Given the above reality and depending on the reasons why a shipper had to move from Plan A to Plan B, said shippers may find themselves going from the frying pan to the fire. Basically, if secondary and/or backup truckers don’t meet capacity, service and/or rate expectations, the shipper will quickly realize that they have no viable carriers to turn to. The trick to avoiding this dire scenario is to create a contingency plan based on shorter bid periods, that are in turn empowered by in-the-moment tools that assure the seamless execution of a Plan B.
Whereas the Emerge Freight Procurement Platform is purpose-built for Plan A execution, its portfolio of tools is equally powerful when applied to contingency planning. Based on the maxim that shorter FTL contract periods can be more accurately planned for than longer ones, the Emerge value proposition starts with multiple mini-bids per year, that are then supported by features such as unlimited access to pre-vetted carriers, spot quoting and scenario modeling.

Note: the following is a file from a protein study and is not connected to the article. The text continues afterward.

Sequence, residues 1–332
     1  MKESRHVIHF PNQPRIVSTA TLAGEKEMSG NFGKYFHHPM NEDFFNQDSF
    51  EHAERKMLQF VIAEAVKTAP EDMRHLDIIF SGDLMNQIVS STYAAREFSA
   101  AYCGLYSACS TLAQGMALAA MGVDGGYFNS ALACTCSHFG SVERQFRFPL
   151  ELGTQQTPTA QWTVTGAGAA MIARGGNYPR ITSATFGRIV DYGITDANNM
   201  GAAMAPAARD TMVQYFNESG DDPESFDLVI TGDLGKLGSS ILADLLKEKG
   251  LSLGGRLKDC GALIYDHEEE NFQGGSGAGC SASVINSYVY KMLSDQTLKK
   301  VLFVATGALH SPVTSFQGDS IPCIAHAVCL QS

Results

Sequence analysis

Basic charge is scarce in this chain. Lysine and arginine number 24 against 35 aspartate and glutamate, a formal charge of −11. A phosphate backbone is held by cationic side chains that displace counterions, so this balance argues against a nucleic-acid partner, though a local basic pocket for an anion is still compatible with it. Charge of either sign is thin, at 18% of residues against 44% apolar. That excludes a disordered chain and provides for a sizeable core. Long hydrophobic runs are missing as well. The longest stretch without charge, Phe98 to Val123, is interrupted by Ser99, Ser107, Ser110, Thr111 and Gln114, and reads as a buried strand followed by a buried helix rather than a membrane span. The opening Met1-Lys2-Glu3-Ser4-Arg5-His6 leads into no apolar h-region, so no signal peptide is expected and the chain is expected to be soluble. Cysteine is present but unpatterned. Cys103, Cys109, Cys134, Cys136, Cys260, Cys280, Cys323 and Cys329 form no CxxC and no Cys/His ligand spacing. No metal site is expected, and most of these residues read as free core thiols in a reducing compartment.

The essence of the Emerge Freight Procurement Platform is that it allows shippers to quickly execute multiple bids per year, as opposed to a single bid that covers a twelve-month period. In turn, shorter bid periods translate to enhanced accuracy and market sensitivity for both shipper and carrier, thus making the need to go to Plan B less likely.
In this sense, Emerge has a dual impact on FTL risk mitigation because it first reduces the probability of having to execute a Plan B. Second, should circumstances call for the rapid deployment of a contingency plan, Emerge is there to quickly enable the entire exercise. Here are a few ways in which the platform enables quick execution of a Plan B that will have a high probability of success.
Perhaps the biggest issue associated with Plan Bs that are born of once-per-year bids is the limited number of carriers that a shipper can turn to. When it comes down to it, a yearly RFP restricts access to carriers, so if a shipper needs to move away from tier-one truckers, there’s a chance that the scant number of secondary or backup providers might not perform.
By using the Emerge Freight Procurement Platform for Plan B mini-bids, shippers have the benefit of inviting their own partners to an event, while also enjoying direct contact with more than 45,000 marketplace carriers. With that level of capacity, it is very unlikely that a shipper will find themselves in a situation where they run out of viable options.